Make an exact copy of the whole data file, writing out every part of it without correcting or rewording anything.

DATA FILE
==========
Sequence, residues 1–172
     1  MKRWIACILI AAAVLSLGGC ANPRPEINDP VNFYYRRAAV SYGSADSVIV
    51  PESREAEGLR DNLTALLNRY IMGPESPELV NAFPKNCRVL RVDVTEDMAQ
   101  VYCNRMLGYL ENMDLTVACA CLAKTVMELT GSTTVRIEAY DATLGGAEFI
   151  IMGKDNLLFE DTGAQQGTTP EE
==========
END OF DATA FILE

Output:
Sequence, residues 1–172
     1  MKRWIACILI AAAVLSLGGC ANPRPEINDP VNFYYRRAAV SYGSADSVIV
    51  PESREAEGLR DNLTALLNRY IMGPESPELV NAFPKNCRVL RVDVTEDMAQ
   101  VYCNRMLGYL ENMDLTVACA CLAKTVMELT GSTTVRIEAY DATLGGAEFI
   151  IMGKDNLLFE DTGAQQGTTP EE